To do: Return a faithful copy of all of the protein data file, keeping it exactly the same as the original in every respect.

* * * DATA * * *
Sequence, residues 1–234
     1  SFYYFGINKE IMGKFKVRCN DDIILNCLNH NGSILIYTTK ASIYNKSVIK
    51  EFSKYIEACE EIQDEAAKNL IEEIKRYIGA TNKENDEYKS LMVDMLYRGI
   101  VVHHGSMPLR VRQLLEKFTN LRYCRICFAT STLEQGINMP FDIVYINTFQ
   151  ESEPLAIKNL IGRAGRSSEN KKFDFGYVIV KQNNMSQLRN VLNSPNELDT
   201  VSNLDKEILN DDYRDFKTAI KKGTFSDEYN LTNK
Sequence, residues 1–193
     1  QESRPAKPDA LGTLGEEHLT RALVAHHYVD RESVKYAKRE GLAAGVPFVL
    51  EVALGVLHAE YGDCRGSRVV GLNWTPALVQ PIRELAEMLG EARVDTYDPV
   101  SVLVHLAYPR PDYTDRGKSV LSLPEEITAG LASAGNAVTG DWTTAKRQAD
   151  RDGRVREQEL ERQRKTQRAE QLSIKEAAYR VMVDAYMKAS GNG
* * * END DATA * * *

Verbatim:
Sequence, residues 1–234
     1  SFYYFGINKE IMGKFKVRCN DDIILNCLNH NGSILIYTTK ASIYNKSVIK
    51  EFSKYIEACE EIQDEAAKNL IEEIKRYIGA TNKENDEYKS LMVDMLYRGI
   101  VVHHGSMPLR VRQLLEKFTN LRYCRICFAT STLEQGINMP FDIVYINTFQ
   151  ESEPLAIKNL IGRAGRSSEN KKFDFGYVIV KQNNMSQLRN VLNSPNELDT
   201  VSNLDKEILN DDYRDFKTAI KKGTFSDEYN LTNK
Sequence, residues 1–193
     1  QESRPAKPDA LGTLGEEHLT RALVAHHYVD RESVKYAKRE GLAAGVPFVL
    51  EVALGVLHAE YGDCRGSRVV GLNWTPALVQ PIRELAEMLG EARVDTYDPV
   101  SVLVHLAYPR PDYTDRGKSV LSLPEEITAG LASAGNAVTG DWTTAKRQAD
   151  RDGRVREQEL ERQRKTQRAE QLSIKEAAYR VMVDAYMKAS GNG